Engaging Kids With Creative Reading

Creative reading may not be a term that many people are familiar with, especially since it is not quite a term that exists. Creative writing is a familiar topic for many, but what is creative reading? When people think of the act of reading, they often imagine the quiet activity of reading books silently, page by page, on one’s own time. While this is certainly a viable method of reading, it is not the only one. There are many ways in which you can have fun with reading, especially with children who are just learning to read and are developing their imaginations as well.

Reading Aloud with a Flourish
As a parent, one of the first ways you can introduce reading to your children is by reading aloud. The act of listening along can be entertaining enough for some children, but really putting effort into your oration can help engage even the most reluctant readers (and listeners!). Give each character a voice and really get a feel for what they are saying; read the narration with dramatic intent; make sound effects! There are so many ways in which you can make reading aloud really fun and engaging.

Get In Character

You can also create a plethora of games surrounding whatever it is you are reading with your children, too. Encourage them to play dress up and act out scenes as they happen! Or even join in on the fun and reenact parts of the book once you’re done reading together. You can even try and create new scenes of your own. Asking your kids to come up with their own scenes and scenarios can help their growing imagination, but it can also help their creative and abstract thinking skills, too. When you’re done reading, or while you’re reading, you can also encourage your kids to put on a puppet show, or any other kind of reenactment revolving around your story material.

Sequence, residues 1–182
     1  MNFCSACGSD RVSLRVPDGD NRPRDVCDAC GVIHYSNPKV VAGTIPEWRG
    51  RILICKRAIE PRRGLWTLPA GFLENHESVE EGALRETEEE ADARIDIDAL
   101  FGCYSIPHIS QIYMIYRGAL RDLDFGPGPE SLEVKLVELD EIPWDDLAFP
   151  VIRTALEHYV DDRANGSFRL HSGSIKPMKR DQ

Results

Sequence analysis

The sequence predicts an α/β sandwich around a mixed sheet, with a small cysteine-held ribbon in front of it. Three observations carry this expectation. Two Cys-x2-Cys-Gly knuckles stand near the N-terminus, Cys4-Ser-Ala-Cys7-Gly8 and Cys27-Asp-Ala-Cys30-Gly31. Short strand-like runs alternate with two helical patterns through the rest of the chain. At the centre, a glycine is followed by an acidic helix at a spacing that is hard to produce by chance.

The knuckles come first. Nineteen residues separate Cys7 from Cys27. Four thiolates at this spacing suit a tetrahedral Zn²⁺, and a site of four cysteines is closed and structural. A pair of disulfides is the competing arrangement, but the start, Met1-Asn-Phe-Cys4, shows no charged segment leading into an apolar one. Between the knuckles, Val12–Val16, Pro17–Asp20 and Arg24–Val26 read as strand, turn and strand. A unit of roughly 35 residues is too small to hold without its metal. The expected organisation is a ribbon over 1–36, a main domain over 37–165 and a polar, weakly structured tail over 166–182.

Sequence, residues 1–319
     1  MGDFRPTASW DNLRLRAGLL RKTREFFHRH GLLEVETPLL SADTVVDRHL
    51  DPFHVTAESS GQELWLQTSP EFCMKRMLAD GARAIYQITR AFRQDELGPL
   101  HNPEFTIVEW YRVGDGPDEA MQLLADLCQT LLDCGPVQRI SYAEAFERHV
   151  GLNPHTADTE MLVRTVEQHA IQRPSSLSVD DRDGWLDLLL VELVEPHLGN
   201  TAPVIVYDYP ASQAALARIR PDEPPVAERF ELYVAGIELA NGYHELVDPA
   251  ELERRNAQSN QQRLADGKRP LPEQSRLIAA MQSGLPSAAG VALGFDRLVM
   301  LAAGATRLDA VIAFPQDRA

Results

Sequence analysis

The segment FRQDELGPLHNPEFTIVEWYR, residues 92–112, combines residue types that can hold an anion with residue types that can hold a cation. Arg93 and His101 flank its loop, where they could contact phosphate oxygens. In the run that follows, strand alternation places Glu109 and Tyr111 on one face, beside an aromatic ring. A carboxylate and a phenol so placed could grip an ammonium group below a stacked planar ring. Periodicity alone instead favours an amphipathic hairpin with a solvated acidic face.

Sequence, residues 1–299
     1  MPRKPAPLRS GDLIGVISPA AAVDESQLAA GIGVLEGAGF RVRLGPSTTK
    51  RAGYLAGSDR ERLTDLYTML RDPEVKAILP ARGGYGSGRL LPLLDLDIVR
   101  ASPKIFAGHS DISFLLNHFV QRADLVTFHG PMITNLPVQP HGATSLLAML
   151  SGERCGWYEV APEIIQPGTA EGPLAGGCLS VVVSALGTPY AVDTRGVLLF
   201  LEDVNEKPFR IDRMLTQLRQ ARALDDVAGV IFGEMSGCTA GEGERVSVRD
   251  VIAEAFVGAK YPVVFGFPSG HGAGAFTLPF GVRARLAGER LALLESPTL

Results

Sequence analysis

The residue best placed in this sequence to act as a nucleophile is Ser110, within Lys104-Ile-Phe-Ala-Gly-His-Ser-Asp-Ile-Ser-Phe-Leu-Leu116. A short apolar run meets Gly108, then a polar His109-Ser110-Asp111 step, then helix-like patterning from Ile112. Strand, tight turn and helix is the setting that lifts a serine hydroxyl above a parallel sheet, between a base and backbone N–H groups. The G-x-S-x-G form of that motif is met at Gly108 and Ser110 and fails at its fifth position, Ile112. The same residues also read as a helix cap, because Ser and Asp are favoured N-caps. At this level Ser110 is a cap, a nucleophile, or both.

Think Outside the Box
There are so many other activities that you can incorporate into reading to make it more fun and educational, too. Conduct a trivia contest between chapters or create your own games revolving around the characters, setting, and other factors that pertain to the book that you are reading. Ask your kids to ask you questions, too! You can even ask simple questions like “Who is your favorite character and why?” Asking them actively engages them and it promotes critical thinking in a way that is entertaining as well.